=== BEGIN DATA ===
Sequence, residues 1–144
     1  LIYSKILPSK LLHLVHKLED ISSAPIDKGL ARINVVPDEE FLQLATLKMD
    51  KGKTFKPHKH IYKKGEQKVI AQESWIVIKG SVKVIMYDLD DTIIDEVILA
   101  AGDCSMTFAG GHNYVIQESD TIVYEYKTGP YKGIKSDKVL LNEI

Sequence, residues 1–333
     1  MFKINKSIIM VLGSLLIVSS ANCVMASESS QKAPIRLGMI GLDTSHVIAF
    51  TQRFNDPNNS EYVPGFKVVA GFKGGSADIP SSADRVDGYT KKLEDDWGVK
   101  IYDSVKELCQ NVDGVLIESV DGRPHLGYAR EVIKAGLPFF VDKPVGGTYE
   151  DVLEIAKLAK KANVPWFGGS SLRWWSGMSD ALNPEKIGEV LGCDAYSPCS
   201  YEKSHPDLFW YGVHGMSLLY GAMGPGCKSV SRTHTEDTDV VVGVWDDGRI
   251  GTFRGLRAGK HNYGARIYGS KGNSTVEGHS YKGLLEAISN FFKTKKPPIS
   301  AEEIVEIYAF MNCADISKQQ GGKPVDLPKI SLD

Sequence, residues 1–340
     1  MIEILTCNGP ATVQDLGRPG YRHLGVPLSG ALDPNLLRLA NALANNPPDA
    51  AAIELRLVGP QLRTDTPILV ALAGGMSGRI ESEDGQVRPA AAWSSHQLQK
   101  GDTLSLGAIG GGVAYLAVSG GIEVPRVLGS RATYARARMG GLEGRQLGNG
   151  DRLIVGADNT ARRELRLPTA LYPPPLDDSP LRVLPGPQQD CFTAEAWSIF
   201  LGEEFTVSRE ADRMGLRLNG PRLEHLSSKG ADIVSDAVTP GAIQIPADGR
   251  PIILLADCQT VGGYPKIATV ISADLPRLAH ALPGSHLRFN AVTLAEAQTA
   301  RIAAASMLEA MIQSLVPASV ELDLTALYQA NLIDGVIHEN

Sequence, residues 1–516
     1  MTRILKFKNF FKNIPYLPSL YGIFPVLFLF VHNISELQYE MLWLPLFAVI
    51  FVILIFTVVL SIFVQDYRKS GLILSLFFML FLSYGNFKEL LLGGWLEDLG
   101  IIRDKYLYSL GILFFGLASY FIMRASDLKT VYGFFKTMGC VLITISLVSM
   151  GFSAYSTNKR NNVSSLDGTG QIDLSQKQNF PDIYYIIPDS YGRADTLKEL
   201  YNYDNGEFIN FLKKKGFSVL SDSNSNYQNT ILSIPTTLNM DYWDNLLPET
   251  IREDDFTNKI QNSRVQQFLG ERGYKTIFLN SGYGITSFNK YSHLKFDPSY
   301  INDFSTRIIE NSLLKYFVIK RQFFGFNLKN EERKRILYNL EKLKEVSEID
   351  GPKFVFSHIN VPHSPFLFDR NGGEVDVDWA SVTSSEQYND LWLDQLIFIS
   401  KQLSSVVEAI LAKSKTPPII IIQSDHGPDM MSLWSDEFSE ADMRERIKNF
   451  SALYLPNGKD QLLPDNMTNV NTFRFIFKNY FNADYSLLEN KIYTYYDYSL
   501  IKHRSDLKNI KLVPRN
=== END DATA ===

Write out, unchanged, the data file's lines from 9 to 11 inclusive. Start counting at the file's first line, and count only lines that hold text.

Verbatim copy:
   151  DVLEIAKLAK KANVPWFGGS SLRWWSGMSD ALNPEKIGEV LGCDAYSPCS
   201  YEKSHPDLFW YGVHGMSLLY GAMGPGCKSV SRTHTEDTDV VVGVWDDGRI
   251  GTFRGLRAGK HNYGARIYGS KGNSTVEGHS YKGLLEAISN FFKTKKPPIS